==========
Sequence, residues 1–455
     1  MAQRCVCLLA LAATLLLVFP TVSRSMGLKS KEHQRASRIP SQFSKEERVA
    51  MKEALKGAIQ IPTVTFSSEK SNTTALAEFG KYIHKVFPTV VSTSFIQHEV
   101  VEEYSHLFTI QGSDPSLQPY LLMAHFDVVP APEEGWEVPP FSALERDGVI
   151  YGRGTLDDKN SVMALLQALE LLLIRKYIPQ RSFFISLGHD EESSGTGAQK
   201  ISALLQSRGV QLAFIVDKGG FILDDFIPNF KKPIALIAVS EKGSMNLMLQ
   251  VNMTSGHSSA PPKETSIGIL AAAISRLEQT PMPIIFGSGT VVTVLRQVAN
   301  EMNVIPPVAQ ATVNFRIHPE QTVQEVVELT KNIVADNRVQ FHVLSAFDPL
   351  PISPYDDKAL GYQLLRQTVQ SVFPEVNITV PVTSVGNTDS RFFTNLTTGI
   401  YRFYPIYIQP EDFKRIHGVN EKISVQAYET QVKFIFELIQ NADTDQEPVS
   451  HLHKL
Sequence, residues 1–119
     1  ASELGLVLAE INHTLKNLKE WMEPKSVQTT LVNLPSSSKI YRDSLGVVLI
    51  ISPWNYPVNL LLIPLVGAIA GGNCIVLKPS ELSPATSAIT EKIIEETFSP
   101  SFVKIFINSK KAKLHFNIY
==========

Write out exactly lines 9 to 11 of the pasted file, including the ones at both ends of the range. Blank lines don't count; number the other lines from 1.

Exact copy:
   351  PISPYDDKAL GYQLLRQTVQ SVFPEVNITV PVTSVGNTDS RFFTNLTTGI
   401  YRFYPIYIQP EDFKRIHGVN EKISVQAYET QVKFIFELIQ NADTDQEPVS
   451  HLHKL